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    Leaving home – Lech L’cha

    Abraham's journey to Canaan, by József Molnár, 1850

    Is there a deeper meaning to the sequence of words used at the beginning of the sidra, where our patriarch is told, “Leave your country, your kindred and your father’s house” (Gen. 12:1)?

    There is a theory that is said to derive from the Zohar that the word molad’t’cha, which many versions translate “kindred”, actually denotes “your mother’s home”, from the root y-l-d which means to bear a child.

    If this is correct, Abram is being told to leave his country and the home of both his mother and father.

    Parting with one parent is hard: parting with both is unbearable. But what choice does a visionary have? If the Divine call draws him forward into a new destiny, he has no choice but to comply.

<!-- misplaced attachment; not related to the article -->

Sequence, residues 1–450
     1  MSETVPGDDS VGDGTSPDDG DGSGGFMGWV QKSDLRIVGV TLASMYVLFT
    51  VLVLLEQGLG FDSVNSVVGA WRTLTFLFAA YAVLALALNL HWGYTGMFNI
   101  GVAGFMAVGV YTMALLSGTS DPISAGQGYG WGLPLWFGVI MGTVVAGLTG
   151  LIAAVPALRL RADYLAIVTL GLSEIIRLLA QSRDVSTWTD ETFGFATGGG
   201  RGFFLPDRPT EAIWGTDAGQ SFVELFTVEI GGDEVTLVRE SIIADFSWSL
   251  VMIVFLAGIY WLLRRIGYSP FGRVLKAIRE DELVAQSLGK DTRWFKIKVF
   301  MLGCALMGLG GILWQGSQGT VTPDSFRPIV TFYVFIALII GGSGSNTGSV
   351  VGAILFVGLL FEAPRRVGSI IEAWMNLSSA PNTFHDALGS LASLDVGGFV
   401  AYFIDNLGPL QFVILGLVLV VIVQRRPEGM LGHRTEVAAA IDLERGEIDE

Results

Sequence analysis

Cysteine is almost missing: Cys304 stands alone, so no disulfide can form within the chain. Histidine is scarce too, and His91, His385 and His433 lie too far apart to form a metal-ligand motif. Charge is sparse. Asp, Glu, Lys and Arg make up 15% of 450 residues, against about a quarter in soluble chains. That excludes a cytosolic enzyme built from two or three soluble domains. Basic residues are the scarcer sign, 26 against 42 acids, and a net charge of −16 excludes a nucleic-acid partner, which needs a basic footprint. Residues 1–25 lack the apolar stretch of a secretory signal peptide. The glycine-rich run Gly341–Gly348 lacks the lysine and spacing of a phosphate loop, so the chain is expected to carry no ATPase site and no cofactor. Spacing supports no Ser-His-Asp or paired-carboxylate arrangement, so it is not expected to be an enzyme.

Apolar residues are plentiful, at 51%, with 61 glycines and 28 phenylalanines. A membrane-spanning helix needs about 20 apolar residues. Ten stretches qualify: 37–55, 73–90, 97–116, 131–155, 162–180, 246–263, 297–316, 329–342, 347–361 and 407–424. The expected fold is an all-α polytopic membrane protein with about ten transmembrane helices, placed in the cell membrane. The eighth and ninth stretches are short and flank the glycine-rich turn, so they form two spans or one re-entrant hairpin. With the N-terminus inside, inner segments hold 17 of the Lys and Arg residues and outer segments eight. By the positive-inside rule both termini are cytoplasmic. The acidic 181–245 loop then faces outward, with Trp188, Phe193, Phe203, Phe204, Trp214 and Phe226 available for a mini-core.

When a child has to leave home, parents are tempted to hold him or her back. The wise parent, however, knows that a child has to be allowed to grow up even if it means leaving home. The parent has to do some parallel growing up too.

    Parents who yearn for their child to remain six for ever and ever, as in AA Milne’s poem “Now I am Six”, stunt their child’s growth and deprive the world of what the grown-up child might be able to contribute to civilisation.

    Parents have to be able to let their child grow, and go.

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